Using up vinegar?
January 4, 2008 9:45 AM   Subscribe

What are some ways to get rid of (i.e. use up) a lot of fancy vinegar?

Two months ago or so I bought around a liter of tomato vinegar (tastes something like balsamic vinegar). Since then I've only managed to use around a 6th of a bottle. I am moving in 3 weeks and can't take the vinegar with me. I'd rather not throw it away. What are some things that I can do with a whole lot of vinegar?
posted by Deathalicious to Food & Drink (22 answers total) 3 users marked this as a favorite
Response by poster: Also: I live alone, so although I know salad dressing makes a lot of sense, that would mean a whole lot of salad!
posted by Deathalicious at 9:47 AM on January 4, 2008

This thread might be helpful.

Can you pickle some things? I don't know if it would work with that vinegar, but it'd be interesting, at least.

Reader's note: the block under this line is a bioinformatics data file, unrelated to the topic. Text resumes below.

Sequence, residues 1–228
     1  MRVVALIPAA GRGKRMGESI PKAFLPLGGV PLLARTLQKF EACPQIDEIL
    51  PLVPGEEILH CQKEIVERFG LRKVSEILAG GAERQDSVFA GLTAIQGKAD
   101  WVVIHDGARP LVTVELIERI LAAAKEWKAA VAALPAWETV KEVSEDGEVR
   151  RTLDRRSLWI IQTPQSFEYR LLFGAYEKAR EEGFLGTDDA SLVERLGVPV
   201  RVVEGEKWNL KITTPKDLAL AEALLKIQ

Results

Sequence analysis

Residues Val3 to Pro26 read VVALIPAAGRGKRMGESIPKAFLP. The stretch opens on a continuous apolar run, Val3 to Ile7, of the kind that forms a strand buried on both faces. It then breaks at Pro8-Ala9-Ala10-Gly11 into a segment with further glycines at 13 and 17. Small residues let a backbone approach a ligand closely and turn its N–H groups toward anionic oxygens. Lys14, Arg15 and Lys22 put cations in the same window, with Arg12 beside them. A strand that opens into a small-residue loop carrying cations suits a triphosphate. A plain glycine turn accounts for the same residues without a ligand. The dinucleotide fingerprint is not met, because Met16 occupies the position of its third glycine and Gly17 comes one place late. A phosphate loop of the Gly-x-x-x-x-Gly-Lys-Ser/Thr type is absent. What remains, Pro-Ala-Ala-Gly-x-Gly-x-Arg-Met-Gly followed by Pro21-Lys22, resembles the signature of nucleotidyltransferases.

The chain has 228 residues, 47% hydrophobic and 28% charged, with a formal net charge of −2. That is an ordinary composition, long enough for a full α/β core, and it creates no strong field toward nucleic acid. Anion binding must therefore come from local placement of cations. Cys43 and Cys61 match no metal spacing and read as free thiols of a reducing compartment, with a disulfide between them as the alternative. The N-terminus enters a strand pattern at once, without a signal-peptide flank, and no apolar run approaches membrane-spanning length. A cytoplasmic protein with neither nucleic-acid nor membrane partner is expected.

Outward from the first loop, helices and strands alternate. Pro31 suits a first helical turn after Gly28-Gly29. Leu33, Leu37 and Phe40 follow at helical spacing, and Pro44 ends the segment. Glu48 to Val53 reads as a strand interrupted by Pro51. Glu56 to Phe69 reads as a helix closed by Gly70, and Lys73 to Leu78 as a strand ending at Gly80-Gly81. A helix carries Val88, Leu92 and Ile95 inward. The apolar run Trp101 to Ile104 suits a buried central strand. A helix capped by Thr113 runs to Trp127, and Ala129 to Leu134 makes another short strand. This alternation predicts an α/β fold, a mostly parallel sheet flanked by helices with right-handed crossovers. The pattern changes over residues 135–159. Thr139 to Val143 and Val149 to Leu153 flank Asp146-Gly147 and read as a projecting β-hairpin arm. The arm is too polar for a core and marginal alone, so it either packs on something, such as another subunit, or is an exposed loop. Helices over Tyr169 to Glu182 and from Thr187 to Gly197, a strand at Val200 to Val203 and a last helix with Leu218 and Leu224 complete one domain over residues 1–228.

posted by Sassyfras at 9:50 AM on January 4, 2008

I wonder if it would taste good with chicken? Marinade some chicken breasts in it then bake.
posted by The Deej at 9:53 AM on January 4, 2008

Use it for a gourmet foot bath, to soften your calluses, kill athlete's foot, etc.
posted by mumkin at 9:57 AM on January 4, 2008

In response to my mother's plea, I recently improvised a recipe for cippollini onions in reduced balsamic vinegar, and they were tasty! It used up a decent amount of vinegar, but then you're left with the question of how to use up the onions. Some suggestions: sliced or chopped in salads, warmed in broth as a side dish, on pizza or in sandwiches.

I used some white wine vinegar and some balsamic, but I don't see why you couldn't use tomato vinegar. Here was my basic technique:

1 c. white wine vinegar
1/2 c. sugar